Keene’s delegation to the N.H. House of Representatives is no longer all Democrats.

A freshman state representative from the city has changed his political affiliation, saying he doesn’t feel welcome in the Democratic Party.

Joseph P. Stallcop, who represents Cheshire District 4, is now a member of the Libertarian Party. He announced his change of political affiliation on the steps of the Statehouse in Concord Wednesday.

The change doesn’t affect his ability to continue as a state representative; his term is up in 2018.

District 4 covers Ward 1 in Keene, which includes Keene State College, much of the Marlboro Street area and the east side of Main Street up to Central Square.

Stallcop, 21, a senior at Keene State College, was elected to the seat without opposition in November 2016.

“Personally witnessing the situation at Standing Rock showed me the danger of relinquishing power and authority into an institution,” Stallcop said in a statement released by the N.H. Libertarian Party Wednesday.

Standing Rock is an American Indian reservation straddling North and South Dakota that became the epicenter for protests against the Dakota Access pipeline last year, as well as the nation’s energy policy encouraging such projects.

He added that his time in Concord has “reinforced the ineptitude that can exist by those in charge.”

In video footage of his speech Wednesday, Stallcop described his arrival at the Statehouse as a “starry-eyed” liberal ready to make a difference, but said his quest quickly became a “Cinderella story in reverse.”

Each time the House met, he said, he was handed a list that told him what to vote on for that day.

“If I did my job well, I was quietly left to my own devices,” he said in his speech. “But if I missed a spot, the passive-aggressive frustration I received from certain individuals was enough to make a wicked stepsister blush.”

More than ever now, the people need community, and to work together “to leave our imprint on those who need it the most,” he said.

Stallcop said in a statement that he originally joined the Democratic Party hoping to make a difference through critical thinking and his “classic liberal” viewpoint.

However, he said, he has received biased data from both Democrats and Republicans on bills and backlash for votes he’s made independently.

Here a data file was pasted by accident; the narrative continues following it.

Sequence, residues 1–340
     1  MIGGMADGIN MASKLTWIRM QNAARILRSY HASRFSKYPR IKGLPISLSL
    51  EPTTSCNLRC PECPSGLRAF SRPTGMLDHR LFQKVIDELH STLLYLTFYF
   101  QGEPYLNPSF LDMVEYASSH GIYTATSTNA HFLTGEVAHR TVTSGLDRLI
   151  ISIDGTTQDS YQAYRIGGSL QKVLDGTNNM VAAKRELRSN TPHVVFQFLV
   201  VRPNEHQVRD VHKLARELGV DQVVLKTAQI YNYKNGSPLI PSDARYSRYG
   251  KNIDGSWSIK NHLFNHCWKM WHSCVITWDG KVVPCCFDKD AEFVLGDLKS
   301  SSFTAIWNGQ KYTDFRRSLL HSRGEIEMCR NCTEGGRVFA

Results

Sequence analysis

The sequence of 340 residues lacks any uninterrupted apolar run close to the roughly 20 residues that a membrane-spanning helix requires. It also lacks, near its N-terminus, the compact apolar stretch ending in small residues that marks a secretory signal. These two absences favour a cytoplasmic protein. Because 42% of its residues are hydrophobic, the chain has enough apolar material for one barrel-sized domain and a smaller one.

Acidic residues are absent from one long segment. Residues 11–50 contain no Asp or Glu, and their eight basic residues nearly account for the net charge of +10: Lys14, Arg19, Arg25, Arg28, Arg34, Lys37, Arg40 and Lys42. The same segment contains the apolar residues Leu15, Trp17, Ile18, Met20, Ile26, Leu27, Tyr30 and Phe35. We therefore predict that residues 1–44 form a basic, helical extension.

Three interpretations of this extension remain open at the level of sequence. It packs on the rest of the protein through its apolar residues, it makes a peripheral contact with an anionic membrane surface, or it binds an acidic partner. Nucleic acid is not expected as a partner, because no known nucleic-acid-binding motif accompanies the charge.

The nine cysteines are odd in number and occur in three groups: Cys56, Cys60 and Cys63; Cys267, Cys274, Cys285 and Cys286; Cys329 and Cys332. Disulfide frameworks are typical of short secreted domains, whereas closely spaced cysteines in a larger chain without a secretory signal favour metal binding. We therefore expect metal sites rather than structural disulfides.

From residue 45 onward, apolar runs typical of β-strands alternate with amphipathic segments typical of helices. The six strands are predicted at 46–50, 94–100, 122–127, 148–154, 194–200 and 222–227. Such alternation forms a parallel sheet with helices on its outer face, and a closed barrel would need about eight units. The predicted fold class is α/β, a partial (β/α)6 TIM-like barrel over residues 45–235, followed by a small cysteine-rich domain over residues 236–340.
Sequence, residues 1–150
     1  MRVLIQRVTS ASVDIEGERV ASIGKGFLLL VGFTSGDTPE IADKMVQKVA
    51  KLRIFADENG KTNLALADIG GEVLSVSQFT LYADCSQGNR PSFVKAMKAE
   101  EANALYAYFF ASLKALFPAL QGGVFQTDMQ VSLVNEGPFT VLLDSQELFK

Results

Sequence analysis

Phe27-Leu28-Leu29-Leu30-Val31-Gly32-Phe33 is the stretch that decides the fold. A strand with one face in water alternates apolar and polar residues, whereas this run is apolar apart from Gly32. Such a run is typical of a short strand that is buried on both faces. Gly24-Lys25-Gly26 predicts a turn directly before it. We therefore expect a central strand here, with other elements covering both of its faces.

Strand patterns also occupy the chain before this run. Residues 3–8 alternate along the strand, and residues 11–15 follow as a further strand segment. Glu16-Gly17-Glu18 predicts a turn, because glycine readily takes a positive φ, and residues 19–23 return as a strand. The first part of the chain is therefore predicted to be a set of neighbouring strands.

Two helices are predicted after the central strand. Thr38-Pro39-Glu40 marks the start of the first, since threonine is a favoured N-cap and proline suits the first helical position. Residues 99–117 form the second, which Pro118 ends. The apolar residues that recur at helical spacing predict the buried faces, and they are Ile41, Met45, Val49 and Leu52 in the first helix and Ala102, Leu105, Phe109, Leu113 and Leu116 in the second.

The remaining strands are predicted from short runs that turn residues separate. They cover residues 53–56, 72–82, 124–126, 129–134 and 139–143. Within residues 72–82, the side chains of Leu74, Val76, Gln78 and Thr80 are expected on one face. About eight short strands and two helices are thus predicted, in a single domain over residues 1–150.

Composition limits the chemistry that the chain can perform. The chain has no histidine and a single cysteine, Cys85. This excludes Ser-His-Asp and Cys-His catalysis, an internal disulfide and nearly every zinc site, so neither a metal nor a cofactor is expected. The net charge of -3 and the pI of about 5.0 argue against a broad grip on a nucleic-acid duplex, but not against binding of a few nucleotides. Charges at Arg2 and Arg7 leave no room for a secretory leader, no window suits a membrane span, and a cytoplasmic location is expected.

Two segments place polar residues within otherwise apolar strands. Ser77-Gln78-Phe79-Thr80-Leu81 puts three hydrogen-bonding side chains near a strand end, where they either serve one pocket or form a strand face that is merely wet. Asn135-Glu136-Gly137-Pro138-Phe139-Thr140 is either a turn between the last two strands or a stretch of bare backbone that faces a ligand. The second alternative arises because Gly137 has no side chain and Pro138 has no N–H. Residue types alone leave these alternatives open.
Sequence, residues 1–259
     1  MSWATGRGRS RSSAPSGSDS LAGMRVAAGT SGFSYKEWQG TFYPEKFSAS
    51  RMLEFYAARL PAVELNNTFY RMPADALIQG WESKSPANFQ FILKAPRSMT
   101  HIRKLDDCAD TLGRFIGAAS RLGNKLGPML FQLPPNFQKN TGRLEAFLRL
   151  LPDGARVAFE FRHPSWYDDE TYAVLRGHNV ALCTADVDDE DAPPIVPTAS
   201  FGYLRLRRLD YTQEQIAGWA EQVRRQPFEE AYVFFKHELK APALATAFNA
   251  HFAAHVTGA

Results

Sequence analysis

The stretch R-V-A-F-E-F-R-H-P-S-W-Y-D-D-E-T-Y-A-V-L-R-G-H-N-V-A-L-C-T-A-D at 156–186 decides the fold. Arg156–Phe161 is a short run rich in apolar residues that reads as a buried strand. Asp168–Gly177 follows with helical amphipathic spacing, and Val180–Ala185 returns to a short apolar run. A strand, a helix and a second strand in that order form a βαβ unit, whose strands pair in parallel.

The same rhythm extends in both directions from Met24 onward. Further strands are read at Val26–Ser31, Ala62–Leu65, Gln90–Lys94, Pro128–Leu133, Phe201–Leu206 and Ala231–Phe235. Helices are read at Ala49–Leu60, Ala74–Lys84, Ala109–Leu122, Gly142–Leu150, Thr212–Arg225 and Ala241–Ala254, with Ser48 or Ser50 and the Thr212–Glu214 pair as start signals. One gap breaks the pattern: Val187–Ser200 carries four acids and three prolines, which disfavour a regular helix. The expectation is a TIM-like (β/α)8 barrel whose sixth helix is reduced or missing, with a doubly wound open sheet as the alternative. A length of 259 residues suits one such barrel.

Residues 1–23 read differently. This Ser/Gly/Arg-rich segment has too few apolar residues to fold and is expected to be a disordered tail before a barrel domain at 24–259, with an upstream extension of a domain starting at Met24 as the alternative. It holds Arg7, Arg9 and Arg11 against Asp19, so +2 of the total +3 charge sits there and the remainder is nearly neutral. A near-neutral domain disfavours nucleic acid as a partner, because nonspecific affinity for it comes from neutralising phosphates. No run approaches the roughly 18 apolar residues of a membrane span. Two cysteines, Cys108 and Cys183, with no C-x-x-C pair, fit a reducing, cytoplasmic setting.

“(I)t seems there is no longer a place for me here,” he said in the statement.

Stallcop says the criticism he received on some of his votes that weren’t along party lines — including on whether to change the state’s marriage age and whether to require a permit to carry a concealed firearm — came from within the Democratic Party and not his constituents. That was frustrating, he said.

He voted in favor of indefinitely postponing legislation to change the minimum age someone can get married in New Hampshire from 13 for girls and 14 for boys to 18 years old for both sexes, and for allowing people to carry concealed firearms without a permit.

Rep. William A. Pearson, D-Keene, who Stallcop has said inspired him to run for office, said it’s unfortunate to hear that Stallcop had left the Democratic Party — and not from Stallcop himself, but from a reporter.

“He was a young Democrat who I was hopeful would continue to be so in the state for at least the next few years, but that’s clearly fiction now,” said Pearson, who was 23 when he was elected to the N.H. House in 2014.

A list is handed out to Democrats and Republicans at each legislative session showing important bills and committee recommendations for each, according to Pearson.

The N.H. Democratic Party didn’t respond to a request for comment Wednesday evening.

It takes two to caucus

Stallcop said he chose to join the Libertarian Party because he is socially progressive, but not always on the same page with Democrats on issues such as spending because he considers himself a fiscal conservative. However, he doesn’t agree with the socially conservative philosophy of the Republican Party.

“In the end, I’m for giving more liberty to people and giving people their rights,” he said.

N.H. Libertarian Party Chairman Darryl W. Perry — a Keene resident, former mayoral candidate and blogger for the website — noted that Stallcop is the second sitting Democratic state representative to leave a mainstream political party in New Hampshire and become a Libertarian.

The first was state Rep. Steve Vaillancourt of Manchester, who joined the Libertarian Party in 2000. Vaillancourt, who was in his 10th term in the N.H. House, died in March.

In February, then-Republican Caleb Q. Dyer of Pelham joined the Libertarian Party. Dyer, who is the floor leader for the N.H. House Libertarian Caucus, represents N.H. House District 37, which covers Hudson and Pelham.

This is the first time in nearly two decades that the N.H. General Court has a Libertarian caucus, which requires two members, according to Perry. He said the N.H. Libertarian Party is 45 years old.

The state’s Libertarian Party has nearly 110 dues-paying members, according to Perry, who said this is an increase from about 60 when he became chairman seven months ago.

Perry said he looks forward to the membership of the party and caucus continuing to grow. In addition, he noted, a “handful” of former state representatives who have joined the Libertarian Party in recent years say they plan to run for election in 2018.

“I look forward to this caucus growing, and hope that more of the classical liberals and civil libertarians in the General Court will defect from the two-party system and join the party of principle,” Perry said. “I look forward to liberty in our lifetime.”

Meghan Foley can be reached at 352-1234, extension 1436, or Follow her on Twitter @MFoleyKS.